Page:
XX. "Blood Moon" - A.W. Gryphon

You need an editor, pronto. There is so much possible with this book; it frustrated me to see a plot destroyed by language.

If you'd like help, feel free to email me. Otherwise, good luck.

Wednesday, February 13, 2008

17. "The Ground Beneath Her Feet" - Salman Rushdie


I'm shallow. I think of two things when it comes to Salman Rushdie; first, there was a call for his execution, second, he was married to that young hottie from Top Chef. I find the latter to be most amazing.

In this novel, Rushdie again takes something original and changes it to suit his imagination. In this case, it is the history of rock and roll. Ormus Cama is a cross between Elvis Presley and John Lennon (Yoko could sue!), while Vina Aspera is, later in the story, a mix of Pat Benatar and Britney Spears.

Originally based on the original myth of Orpheus, it feels like Rushdie stumbles a bit over his own witticism to the point of being aggravating. The mix of "East meets West" no longer seems fresh, especially when the characters are taken out to be paraded around as the brilliant rock giants they claim to be.

I should have loved this book, but the self-centered attitude of the author clung to me. It wasn't until later that I read the death of Vina occurred he same date the fatwa against Rushdie was released. Authors, for the love of Mike, stay out of your own stories. You are not that interesting, which is why you write fiction.

1.75 out of 5.0 Festering Boils.

Tuesday, February 12, 2008

"Dreams come true. Without that possibility, nature would not incite us to have them." - John Updike

I've caught the kid-crud. Thing 1 (eldest mutant) has missed several days of school. I wanted to give him a stained old plastic bowl to take to class and use between pre-algebra and European history.

Yet it is hard to push-push-push when you know that the electric blanket is retaining the night's heat (and dreams... and sleep). So I slipped back between the sheets - then promptly puked on the bed. Listen to your intuitions, folks.

I've been writing a lot. I am always amazed by the process (and how everyone's process is unique), but this time feels more spiritual and true. At the end of a writing binge, I read the words and know they will be shared with others. Perhaps it is my natural tendency of cockiness, maybe I suffer from illusions of grandeur. I believe that, after reading hundreds of books, I have a natural ability to know what makes fiction work.

Thus, I haven't been reading as much, so a dip into the mailbag is in order:

I sent you my novel/Why didn't you review my book/Did you get my book?

I'm receiving about 20 requests per month (I *know*! Whodathunkit?) I am choosy about my reading material; after all, it replaces American Idol, Dances with the Stars, and 24. If I received your book and did not write a review, it is because I disliked it. Rather than hurt new writers with crappy reviews, I stay silent. Also, I rarely review those authors whom I know. I'd rather have friends than this blog.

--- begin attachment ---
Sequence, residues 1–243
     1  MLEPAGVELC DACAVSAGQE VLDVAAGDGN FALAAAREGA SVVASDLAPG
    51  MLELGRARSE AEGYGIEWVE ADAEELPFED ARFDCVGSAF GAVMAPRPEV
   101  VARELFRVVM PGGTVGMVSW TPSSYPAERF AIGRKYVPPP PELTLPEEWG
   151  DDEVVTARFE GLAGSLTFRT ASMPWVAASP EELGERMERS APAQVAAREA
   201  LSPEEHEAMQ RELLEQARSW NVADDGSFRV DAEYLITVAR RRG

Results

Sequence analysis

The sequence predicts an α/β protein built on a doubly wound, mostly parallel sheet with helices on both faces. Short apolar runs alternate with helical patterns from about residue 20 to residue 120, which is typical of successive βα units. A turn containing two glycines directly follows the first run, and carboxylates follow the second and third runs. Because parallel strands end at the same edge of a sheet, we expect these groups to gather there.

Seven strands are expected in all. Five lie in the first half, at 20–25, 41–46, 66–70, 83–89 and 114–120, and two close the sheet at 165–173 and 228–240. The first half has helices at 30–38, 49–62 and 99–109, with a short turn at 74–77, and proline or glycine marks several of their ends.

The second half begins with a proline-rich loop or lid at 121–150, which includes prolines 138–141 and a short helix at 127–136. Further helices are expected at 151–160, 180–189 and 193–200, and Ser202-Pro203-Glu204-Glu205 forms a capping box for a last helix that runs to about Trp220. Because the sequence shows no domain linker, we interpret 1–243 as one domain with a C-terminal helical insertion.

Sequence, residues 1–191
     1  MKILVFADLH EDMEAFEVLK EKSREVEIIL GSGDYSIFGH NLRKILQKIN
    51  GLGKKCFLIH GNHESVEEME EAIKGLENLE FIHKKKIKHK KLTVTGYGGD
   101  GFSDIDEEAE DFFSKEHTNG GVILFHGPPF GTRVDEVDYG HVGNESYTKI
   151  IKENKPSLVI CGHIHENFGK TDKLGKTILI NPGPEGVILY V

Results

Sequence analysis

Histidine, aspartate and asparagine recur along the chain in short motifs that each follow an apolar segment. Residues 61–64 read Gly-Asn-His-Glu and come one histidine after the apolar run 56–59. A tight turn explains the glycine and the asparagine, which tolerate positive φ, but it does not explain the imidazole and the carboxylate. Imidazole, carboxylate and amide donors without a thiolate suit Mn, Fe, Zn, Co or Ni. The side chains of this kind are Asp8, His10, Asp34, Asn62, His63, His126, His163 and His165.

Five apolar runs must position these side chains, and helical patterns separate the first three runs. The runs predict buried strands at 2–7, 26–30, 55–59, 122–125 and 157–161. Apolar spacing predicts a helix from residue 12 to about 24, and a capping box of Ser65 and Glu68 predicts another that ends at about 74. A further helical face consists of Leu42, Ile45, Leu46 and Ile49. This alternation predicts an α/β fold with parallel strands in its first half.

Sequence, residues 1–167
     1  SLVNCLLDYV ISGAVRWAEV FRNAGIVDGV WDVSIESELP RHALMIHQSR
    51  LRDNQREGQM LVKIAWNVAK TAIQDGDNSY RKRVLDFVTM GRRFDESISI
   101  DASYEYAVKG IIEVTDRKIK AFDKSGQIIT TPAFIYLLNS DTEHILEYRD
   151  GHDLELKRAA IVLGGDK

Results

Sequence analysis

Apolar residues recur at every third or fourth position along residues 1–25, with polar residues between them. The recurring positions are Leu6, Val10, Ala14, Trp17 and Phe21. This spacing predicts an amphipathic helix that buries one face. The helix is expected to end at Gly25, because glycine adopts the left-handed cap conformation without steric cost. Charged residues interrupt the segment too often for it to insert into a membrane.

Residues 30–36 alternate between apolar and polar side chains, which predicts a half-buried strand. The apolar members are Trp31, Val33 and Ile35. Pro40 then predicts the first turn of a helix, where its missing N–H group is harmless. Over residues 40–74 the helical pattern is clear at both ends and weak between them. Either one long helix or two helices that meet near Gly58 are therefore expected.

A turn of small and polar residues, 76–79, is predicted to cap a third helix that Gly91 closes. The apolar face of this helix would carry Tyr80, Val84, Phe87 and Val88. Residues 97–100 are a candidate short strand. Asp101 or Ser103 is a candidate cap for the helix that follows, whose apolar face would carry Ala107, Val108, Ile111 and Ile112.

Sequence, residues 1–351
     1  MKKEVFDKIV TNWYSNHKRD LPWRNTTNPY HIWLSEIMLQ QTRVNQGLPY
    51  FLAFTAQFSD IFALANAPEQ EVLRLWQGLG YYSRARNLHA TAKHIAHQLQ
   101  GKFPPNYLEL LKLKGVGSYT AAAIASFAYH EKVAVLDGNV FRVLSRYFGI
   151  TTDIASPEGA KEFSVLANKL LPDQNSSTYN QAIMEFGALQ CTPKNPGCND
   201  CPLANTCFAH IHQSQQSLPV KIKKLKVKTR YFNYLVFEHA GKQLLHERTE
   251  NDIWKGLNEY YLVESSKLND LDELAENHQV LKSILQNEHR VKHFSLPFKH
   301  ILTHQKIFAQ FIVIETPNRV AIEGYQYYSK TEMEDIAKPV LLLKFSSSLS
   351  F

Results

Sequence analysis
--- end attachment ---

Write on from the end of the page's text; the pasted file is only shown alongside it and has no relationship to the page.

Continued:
If you could choose an author to sit down with for lunch, who would it be?

Oh, you horrid trappers. For good looks, as well as great writing, I would choose Carl Hiaasen or John Irving. For strictly knowledge, I'm stuck. Suggestions?

I'm 13 and want to be a writer someday. What would you recomend?

First, practice. Practice spelling - "recomend" is spelled "recommend," but your editor will help with that. Write short stories, write descriptions about people, sit and watch behavior and write it down. You are fairly young for the Dinner twist of this blog, but inhale books for breakfast. Read as much as you can. From high school until college, gorge yourself. And *never* let someone tell you that this person or that person is not an author. If you like him or her, figure out what you like. Stick to your guns. More advice for you in 7 years.


Monday, February 04, 2008

16. "Sabbath's Theater" - Philip Roth


Mickey Sabbath is a 60-something unemployed puppeteer with an implied sexual addiction. After the death of his mistress, he begins to think that suicide is the best ending for a life filled with failure.

I've had my issues with Roth - mostly regarding his alter-ego Zuckerman - but this National Book Award-winner could make me a fan.

Roth's method of writing backward, telling the whole story in the first chapter, then getting into the details later, reminds me of Salman Rushdie, but the free-wheeling recall of minute details is the work of a master. And what details. It's makes a mockery of most writers' creative work.

4.0 out of 5.0 Hot Fudge Sundaes.

Friday, February 01, 2008

15. "The Bondwoman's Narrative" - Hannah Crafts


Henry Louis Gates Jr. bid on a book at auction, a leatherbound journal by Hannah Crafts, an admitted female slave who escaped to a free state. He believes this is the earliest writing of a former slave and submits its contents as "a novel" to the public.

I don't believe in calling it a novel... it is one woman's autobiography. I would call it creative nonfiction. Gates left most of the misspellings from the journal, only editing when it would be confusing for the reader, but his diligence in proving that this is the true story of a pre-1850s slave is admirable.

Hannah Crafts's story is unlike many in that she was a house slave and had several opportunities (to learn, to pray, to walk freely) that others didn't. This doesn't mean that she didn't suffer hardships, but it is a unique version of our history.

Due to this nonfiction feel, as well as the mostly unedited prose, I don't feel it's right for me to "rate" this book. It would be like reading my grandmother's diary and rating its contents.

Hannah's story fills only half of the book; the remaining half is Gates's interpretations and explanations, from analyzing the paper pulp to studying other writings of that time. For those of you interested in American slavery history, this is a vital book to read.